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    In modern business practice, specially International Trade, a Letter of Credit (LC) also known as a Documentary Credit, is a written commitment by a bank issued after a request by an importer (foreign buyer) that payment will be made to the beneficiary (exporter) provided that the terms and conditions stated in the LC been met, as evidenced by the presentation of specified documents.

    A letter of credit is a method of payment that is an important part of international trade. They are particularly useful where the buyer and seller may not know each other personally and are separated by distance, and also laws are differing in each country with different trading customs. It is generally considered that Letters of Credit provides security to both the buyer and the seller, both the buyer and seller rely upon the security of banks and the banking system to ensure that payment is received and goods are provided. In a Letter of Credit transaction the goods are consigned to the order of the issuing bank, meaning that the bank will not release control of the goods until the buyer has either paid or undertaken to pay the bank for the documents.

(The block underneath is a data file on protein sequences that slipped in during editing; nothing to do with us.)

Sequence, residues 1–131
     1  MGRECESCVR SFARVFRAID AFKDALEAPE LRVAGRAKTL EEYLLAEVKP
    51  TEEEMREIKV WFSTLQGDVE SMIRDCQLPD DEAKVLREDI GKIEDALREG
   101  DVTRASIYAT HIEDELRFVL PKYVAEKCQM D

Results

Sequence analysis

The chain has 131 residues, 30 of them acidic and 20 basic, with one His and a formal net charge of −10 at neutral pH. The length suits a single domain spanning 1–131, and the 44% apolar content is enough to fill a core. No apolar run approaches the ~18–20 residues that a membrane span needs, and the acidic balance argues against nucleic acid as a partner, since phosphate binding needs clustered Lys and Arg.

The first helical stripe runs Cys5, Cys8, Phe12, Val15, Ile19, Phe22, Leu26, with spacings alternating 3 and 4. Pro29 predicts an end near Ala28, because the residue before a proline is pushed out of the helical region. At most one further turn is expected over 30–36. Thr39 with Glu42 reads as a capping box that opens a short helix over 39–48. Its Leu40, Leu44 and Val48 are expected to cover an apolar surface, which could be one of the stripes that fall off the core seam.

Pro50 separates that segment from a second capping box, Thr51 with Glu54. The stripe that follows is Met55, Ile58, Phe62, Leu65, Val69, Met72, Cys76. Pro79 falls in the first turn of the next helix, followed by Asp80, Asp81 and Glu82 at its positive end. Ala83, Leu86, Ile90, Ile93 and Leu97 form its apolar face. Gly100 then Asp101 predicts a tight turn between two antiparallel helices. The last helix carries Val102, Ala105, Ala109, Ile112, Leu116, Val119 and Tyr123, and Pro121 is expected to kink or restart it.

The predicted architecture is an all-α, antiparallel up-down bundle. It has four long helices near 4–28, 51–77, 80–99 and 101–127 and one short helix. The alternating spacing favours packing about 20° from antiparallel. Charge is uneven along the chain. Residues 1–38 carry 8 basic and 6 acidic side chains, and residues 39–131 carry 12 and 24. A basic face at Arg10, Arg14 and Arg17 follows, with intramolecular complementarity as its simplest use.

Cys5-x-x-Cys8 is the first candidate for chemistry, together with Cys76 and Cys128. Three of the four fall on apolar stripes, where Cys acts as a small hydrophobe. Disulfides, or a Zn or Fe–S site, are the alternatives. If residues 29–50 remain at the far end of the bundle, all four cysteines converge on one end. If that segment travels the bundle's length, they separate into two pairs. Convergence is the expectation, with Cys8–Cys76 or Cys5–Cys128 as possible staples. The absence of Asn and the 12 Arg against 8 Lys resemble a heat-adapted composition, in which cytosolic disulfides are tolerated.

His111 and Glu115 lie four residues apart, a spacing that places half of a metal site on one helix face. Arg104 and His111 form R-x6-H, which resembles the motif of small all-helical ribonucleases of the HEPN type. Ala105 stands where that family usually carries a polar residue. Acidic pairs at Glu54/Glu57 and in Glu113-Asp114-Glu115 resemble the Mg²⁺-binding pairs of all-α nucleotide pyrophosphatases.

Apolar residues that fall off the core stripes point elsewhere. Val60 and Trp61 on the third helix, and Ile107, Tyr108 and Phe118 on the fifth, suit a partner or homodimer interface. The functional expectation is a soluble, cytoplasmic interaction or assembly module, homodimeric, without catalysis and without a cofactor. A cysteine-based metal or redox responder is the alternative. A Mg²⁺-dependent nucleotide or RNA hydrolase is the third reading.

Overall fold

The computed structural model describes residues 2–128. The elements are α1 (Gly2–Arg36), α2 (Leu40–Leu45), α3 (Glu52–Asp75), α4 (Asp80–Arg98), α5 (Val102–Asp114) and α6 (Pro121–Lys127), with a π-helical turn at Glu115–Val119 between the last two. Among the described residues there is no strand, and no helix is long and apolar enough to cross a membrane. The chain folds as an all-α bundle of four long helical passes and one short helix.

In the event that the buyer is unable to make payment on the purchase, the seller may make a demand for payment on the bank. The bank will examine the beneficiary’s demand and if it complies with the terms of the letter of credit, will honor the demand.

    Because a letter of credit is typically a negotiable instrument, the issuing bank pays the beneficiary or any bank nominated by the beneficiary. If a letter of credit is transferrable, the beneficiary may assign another entity, such as a corporate parent or a third party, the right to draw.

    Banks typically require a pledge of securities or cash as collateral for issuing a Letter of Credit. Banks also collect a fee for service, typically a percentage of the size of the Letter of Credit. The International Chamber of Commerce Uniform Customs and Practice for Documentary Credits oversees Letters of Credit used in international transactions.

    Types of Letters of Credit :

    A commercial letter of credit is a direct payment method in which the issuing bank makes the payments to the beneficiary. On contrary, a standby letter of credit is a secondary payment method in which the bank pays the beneficiary only when the holder cannot.

    A revolving letter of credit lets the customer make any number of draws within a certain limit during a specific time period. A traveler’s letter of credit guarantees the issuing banks will honor drafts made at certain foreign banks.

    A confirmed letter of credit involves a bank other than the issuing bank guaranteeing the letter of credit. The second bank is the confirming bank, typically the seller’s bank. The confirming bank ensures payment under the letter of credit if the holder and the issuing bank default. The issuing bank in international transactions typically requests this arrangement.